Posted 8 months ago
Years ago, soon after I started collecting art glass, I went into a shop in Northwood, New Hampshire, and found a very rare signed Lustre Art shade. I don't believe I had heard of Lustre Art at the time, nor did I know the connection of Conrad Vahlsing and Paul Frank (founded Lustre Art on Long Island, NY in 1920) to Quezal, but I recognized quality when I saw it. The shade had a beautiful hooked pulled-feather design, and had a funny little scratched-in signature that was a little hard to read. I soon found out what it was, and I was delighted to find that this glass was made where I grew up (Long Island). This is the sort of connection that often drives collectors on.
Fast-forward to this year. I have searched and searched for a replacement (I sold the original LA shade; it had chips to the fitter) and finally found this item on ebay. I was thrilled to learn that all three shades were SIGNED & PERFECT! Actually there is minor scratching to the inside of the fitters, but let's not quibble. As a bonus I even got somthing to display them on - the lamp is original (as far as I can tell - old Leviton sockets) but I don't think worth very much; but I got three perfect signed shades with it. And the shades! WOW!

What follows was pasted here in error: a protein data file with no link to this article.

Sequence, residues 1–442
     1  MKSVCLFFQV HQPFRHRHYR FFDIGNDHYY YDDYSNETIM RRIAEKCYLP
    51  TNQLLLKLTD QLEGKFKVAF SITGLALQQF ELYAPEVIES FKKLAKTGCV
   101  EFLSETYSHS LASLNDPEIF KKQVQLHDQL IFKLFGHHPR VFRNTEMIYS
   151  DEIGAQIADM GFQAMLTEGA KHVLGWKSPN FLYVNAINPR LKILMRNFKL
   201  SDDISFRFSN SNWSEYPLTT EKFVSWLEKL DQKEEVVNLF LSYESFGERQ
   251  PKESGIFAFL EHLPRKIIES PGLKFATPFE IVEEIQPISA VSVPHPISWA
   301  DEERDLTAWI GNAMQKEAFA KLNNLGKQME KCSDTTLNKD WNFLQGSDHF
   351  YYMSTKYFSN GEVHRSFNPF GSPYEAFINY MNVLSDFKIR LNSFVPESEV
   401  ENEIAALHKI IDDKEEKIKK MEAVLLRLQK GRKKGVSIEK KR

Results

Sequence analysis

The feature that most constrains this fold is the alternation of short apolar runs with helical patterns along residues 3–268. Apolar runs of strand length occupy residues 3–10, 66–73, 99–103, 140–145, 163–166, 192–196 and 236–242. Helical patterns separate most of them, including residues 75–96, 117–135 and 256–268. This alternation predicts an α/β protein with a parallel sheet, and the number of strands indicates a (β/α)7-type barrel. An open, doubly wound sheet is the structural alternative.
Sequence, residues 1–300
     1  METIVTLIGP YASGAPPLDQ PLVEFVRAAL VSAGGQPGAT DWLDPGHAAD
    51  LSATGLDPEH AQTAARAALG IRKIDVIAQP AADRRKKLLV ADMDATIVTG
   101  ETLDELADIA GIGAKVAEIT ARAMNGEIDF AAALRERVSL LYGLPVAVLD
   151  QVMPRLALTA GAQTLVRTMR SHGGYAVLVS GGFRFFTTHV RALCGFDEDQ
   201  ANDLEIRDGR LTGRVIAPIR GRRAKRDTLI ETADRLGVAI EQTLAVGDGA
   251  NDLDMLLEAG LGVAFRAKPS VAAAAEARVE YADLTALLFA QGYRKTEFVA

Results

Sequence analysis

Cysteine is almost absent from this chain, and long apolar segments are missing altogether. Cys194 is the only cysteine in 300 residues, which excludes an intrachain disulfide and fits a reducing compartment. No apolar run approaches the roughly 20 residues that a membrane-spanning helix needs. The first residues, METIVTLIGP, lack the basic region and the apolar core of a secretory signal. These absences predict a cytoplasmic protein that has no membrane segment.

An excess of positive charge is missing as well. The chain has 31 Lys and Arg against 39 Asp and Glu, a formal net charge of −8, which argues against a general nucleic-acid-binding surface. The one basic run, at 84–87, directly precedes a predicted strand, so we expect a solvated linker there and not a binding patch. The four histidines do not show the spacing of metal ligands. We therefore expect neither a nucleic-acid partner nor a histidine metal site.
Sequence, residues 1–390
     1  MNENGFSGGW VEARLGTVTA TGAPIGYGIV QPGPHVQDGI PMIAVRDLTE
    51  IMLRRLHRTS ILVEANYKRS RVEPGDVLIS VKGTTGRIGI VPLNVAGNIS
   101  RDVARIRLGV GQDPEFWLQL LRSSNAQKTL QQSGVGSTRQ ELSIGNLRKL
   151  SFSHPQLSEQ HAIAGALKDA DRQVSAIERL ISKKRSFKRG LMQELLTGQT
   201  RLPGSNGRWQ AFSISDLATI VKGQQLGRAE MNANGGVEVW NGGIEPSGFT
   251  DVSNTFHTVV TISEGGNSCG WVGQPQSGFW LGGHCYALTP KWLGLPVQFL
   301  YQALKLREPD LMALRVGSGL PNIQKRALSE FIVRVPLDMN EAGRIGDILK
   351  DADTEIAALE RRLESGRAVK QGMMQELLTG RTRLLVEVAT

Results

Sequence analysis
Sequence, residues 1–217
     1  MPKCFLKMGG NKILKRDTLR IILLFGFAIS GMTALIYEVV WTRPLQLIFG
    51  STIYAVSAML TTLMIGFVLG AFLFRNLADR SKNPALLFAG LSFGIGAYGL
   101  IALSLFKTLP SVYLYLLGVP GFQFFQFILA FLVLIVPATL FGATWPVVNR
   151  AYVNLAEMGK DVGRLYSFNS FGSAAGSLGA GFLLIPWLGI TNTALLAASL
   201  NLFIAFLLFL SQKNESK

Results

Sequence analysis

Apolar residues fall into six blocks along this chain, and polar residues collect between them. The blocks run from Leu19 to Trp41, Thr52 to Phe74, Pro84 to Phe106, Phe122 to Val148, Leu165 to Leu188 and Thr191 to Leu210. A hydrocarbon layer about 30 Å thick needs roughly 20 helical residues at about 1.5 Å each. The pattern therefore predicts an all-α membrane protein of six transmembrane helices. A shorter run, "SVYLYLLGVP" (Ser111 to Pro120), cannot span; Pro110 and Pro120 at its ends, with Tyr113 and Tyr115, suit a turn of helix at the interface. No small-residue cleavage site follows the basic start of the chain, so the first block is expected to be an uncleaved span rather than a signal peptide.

Rumor has it they (Lustre Art) almost never signed anything, but I have four examples all signed (I also have a gold vase)- albeit in a similar scrawl but easy to read. So my research shows that they DID sign a fair portion. The unsigned ones are obviously harder to identify, and are almost certainly commonly mistaken for Quezal or Steuben. These are Long Islanders, just like me. Almost like family, huh?